In the 2015-16 TDHS-MIS the first data entry was done concurrently with data collection in the field. After the paper questionnaires were completed, edited, and checked by both the field editor and the supervisor, the data was entered into a tablet equipped with a data entry programme. This was done by the editor. Completed questionnaires were then sent to NBS headquarters, where they were entered for the second time and edited by data processing personnel who were given special training for this task. ICF International provided technical assistance during the entire data processing period. Processing the data concurrently with data collection allowed for regular monitoring of team performance and data quality. Field check tables were generated regularly during data processing to check various data quality parameters. As a result, feedback was given on a regular basis, encouraging teams to continue in areas of good performance and to correct areas in need of improvement. Feedback was individually tailored to each team. Data entry, which included 100% double entry to minimise keying errors, and data editing, were completed on March 21, 2016. Data cleaning and finalization were completed on April 22, 2016.
Other Processing: 
The 2015-16 Tanzania Demographic and Health and Malaria Indicator Survey covered the following topics: HOUSEHOLD • Identification • Background information on each person listed, such as relationship to head of the household, age, sex, highest educational attainment, and health insurance coverage • Characteristics of the household's dwelling unit, such as the source of water, type of toilet facilities, main source of energy for lighting, main source of fuel for cooking, materials used for the floor, roof and walls of the dwelling, ownership of land and livestock, and ownership of various durable goods (these items are used as proxy indicators of the household's socioeconomic status) • Mosquito nets • Inpatient health expenditures • Outpatient health expenditures INDIVIDUAL WOMAN • Identification • Respondent's background (age, education, etc.) • Reproduction • Contraception • Pregnancy and postnatal care • Child immunization • Child health and nutrition • Marriage and sexual activity • Fertility preferences • Husband's background and woman's work • Malaria • Other health issues • Female genital cutting/mutilation • Maternal mortality • Domestic violence INDIVIDUAL MAN • Identification • Respondent's background (age, education etc.) • Reproduction • Contraception • Marriage and sexual activity • Fertility preferences • Employment and gender roles • Other health issues • Malaria BIOMARKER • Identification • Weight, height, hemoglobin measurement and malaria testing for children age 0-5 years • Weight and height measurement, hemoglobin and urine (for iodine) test for women age 15-49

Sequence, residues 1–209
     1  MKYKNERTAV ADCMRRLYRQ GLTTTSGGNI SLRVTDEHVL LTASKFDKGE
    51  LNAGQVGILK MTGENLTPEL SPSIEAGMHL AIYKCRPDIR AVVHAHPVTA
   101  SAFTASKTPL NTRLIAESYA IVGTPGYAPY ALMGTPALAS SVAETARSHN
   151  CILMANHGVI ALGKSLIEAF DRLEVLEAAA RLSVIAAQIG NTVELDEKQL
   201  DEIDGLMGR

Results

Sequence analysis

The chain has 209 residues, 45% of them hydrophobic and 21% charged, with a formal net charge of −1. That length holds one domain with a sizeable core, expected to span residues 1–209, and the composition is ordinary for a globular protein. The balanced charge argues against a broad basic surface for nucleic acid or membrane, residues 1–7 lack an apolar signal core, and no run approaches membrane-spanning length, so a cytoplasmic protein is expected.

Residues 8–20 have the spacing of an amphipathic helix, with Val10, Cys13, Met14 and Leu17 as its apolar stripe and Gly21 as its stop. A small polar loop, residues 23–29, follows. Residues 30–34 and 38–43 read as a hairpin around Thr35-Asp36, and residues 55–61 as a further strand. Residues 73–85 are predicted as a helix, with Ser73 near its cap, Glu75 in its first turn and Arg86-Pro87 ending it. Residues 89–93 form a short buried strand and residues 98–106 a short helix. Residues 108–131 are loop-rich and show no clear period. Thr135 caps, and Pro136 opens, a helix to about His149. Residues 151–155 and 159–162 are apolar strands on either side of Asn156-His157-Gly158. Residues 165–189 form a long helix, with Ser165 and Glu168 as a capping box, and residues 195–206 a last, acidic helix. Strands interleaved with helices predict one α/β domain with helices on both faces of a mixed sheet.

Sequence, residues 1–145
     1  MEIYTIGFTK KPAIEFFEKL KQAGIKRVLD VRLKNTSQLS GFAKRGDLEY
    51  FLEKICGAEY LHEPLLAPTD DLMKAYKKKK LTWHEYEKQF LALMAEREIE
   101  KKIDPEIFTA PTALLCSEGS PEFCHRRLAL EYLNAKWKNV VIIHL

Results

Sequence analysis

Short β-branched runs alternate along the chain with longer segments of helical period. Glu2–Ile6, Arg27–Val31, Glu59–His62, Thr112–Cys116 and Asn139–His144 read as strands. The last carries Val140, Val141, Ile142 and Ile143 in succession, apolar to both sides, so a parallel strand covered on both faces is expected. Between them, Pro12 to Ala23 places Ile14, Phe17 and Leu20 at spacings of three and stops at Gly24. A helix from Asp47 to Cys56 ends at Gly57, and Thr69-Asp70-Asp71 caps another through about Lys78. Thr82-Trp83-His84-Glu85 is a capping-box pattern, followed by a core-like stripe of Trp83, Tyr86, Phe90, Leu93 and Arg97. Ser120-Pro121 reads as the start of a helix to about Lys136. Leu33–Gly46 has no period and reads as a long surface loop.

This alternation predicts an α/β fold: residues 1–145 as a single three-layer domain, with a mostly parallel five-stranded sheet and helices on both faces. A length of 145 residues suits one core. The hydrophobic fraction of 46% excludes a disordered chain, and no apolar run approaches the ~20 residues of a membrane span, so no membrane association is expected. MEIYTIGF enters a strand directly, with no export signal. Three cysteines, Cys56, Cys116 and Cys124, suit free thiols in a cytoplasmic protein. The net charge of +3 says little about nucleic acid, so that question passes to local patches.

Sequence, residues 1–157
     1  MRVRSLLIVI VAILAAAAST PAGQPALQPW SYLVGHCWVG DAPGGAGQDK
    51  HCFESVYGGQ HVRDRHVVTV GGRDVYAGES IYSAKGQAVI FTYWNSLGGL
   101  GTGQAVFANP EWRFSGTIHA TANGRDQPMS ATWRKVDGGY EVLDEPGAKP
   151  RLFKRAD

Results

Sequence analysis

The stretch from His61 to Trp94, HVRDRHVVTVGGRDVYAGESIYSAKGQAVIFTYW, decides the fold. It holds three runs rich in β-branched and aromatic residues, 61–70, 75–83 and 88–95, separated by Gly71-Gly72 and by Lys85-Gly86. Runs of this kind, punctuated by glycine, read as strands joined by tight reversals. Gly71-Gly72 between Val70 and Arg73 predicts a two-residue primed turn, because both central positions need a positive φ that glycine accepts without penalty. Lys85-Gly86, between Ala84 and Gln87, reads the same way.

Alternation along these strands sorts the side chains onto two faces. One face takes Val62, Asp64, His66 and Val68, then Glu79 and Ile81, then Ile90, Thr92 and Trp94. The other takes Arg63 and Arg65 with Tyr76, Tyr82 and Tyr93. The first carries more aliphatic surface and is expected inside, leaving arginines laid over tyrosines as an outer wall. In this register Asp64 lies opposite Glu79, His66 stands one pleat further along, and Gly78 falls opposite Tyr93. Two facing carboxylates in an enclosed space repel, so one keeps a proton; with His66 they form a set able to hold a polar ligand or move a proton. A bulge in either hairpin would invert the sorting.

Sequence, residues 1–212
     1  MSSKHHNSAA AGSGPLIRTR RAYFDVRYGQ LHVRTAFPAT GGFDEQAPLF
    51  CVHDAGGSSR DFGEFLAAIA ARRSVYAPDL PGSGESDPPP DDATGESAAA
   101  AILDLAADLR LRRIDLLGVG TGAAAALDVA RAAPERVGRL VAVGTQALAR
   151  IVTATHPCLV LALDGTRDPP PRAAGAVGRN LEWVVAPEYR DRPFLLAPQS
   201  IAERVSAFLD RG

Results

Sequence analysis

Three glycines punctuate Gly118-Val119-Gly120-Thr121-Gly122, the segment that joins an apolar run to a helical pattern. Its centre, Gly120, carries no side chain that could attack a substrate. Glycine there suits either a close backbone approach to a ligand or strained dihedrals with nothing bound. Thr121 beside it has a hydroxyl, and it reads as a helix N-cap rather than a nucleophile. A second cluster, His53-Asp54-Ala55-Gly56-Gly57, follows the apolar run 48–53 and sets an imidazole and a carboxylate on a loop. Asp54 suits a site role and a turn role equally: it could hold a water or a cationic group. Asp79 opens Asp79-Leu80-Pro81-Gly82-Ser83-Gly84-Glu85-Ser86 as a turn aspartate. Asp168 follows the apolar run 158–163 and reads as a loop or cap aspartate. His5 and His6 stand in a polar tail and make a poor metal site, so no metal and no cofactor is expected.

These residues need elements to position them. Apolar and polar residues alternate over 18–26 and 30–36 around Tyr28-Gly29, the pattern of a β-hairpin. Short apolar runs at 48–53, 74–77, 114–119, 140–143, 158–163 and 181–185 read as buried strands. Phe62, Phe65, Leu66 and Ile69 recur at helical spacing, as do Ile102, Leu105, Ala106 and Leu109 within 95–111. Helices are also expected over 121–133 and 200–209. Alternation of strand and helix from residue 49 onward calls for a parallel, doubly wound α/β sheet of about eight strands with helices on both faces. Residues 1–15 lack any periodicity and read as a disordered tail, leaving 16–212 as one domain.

Harvest Source: 
Harvest System ID: 
9158
Citation Text: 
Use of the dataset must be acknowledged using a citation which would include: - the Identification of the Primary Investigator - the title of the survey (including country, acronym and year of implementation) - the survey reference number - the source and date of download
Modified date: 
18170
Study Type: 
Demographic and Health Survey (Standard) - DHS VII
Primary Dataset: 
Yes
Mode of Data Collection: 

Face-to-face

Data Collector(s) Name: 

National Bureau of Statistics

Funding Name, Abbreviation, Role: 

Government of Tanzania, United States Agency for International Development, Global Affairs Canada, Irish Aid, United Nations Children’s Fund, United Nations Population Fund

Data Access and Licensing

This dataset is classified as Public under the Access to Information Classification Policy. Users inside and outside the Bank can access this dataset.

This dataset is available from an external third-party website. Visit the website to obtain license information. More information

Share Metadata

The information on this page (the dataset metadata) is also available in these formats.

PRINT EMAIL JSON RDF